Facing autonomous disillusionment

18 September 2020

18 September 2020

A growing number of stakeholders has begun to address the legal, ethical and technological challenges around autonomous vehicles. The limited-use cases for autonomously driving vehicles may prove to be even more challenging. Autovista Group’s chief economist, Christof Engelskirchen, covers the top five issues with autonomous technology – from a use case perspective – and what ‘level’ of autonomy we should expect in our next vehicle.

The electric car, the connected car, the autonomous car… all great ideas take time. Like the battery-electric vehicle (BEV) that was conceived in the 1880s. Some 140 years later and it is far from being a breakthrough success. On that basis, the self-driving car still has around 132 years to go, if you consider 2012 as the starting point of the autonomous revolution. In that year, it became legal for Google’s autonomous car to drive on the roads of Nevada under one condition: a human driver had to be on board.

Since then, a lot has happened with respect to technology and legislation. A completely new universe of high-tech companies, traditional car manufacturers, suppliers and startups has emerged around autonomous driving technology (Figure 1).

Figure 1: Participating and exhibiting companies at Automotive Lidar 2020, 22-24 September

CE autonomous figure 1

This impressive line-up of companies has made strong progress in driving technological development and standards forward. However they have not yet been able to overcome the autonomous disillusionment we are facing collectively as an industry, namely that autonomous cars have a limited-use case for the near future. So what are the top five issues from a use case perspective?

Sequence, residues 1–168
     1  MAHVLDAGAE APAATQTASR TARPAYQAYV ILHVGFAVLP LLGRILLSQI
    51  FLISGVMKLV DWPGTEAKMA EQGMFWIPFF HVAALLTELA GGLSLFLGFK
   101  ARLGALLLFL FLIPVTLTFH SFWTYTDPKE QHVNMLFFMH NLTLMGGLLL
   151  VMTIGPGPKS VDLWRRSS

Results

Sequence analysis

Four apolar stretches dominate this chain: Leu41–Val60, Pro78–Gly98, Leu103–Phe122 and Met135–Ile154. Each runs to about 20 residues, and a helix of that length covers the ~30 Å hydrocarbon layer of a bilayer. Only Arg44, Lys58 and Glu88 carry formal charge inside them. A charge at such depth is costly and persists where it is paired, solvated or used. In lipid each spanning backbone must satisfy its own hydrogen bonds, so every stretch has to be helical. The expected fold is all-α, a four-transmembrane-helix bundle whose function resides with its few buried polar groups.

• The full Level 5 autonomous vehicle – in other words, a vehicle that does not have a steering wheel and never requires an intervention from a driver – is science fiction. There will always be circumstances where intervention from the driver will be required. Fog, rain, snow, lack of connectivity, other non-autonomous traffic, emergencies and peculiar traffic situations beyond the norm (such as passing the Arc de Triomphe in Paris) represent obstacles that have pushed Level 5 off the technology roadmap.
  • If driver intervention is still required, the cost for autonomous-driving technology comes on top of everything else. A combination of LiDARs, cameras, radar systems anddriver-monitoring technology will be required. At present, this means a medium-to-high five-digit figure of additional expenses will be added to the bill. In addition, the commercial vehicle fleet, including buses, trucks and taxis, will need to continue to pay a driver.
  • The business case for the autonomous car in a commercial setup only works if you can take the driver out of the equation. That requires Level 4 autonomous technology, where no driver intervention is required in specific areas; e.g. driving a certain route on the highway or on a campus would be possible, even in cities with very specific routes. Legally, and from a certification perspective, there will be performance and safety standards that need to be met. There cannot be performance differences at Level 4 autonomous technology. Just to reiterate, if the car is on a Level 4 route or in a Level 4 area, there is no driver required. That means that the car needs to fully manage any upcoming challenges or emergencies independently. There is no human intervention on a Level 4 route or in a Level 4 area. Once this cannot be guaranteed, you are effectively talking about Level 3 autonomous driving.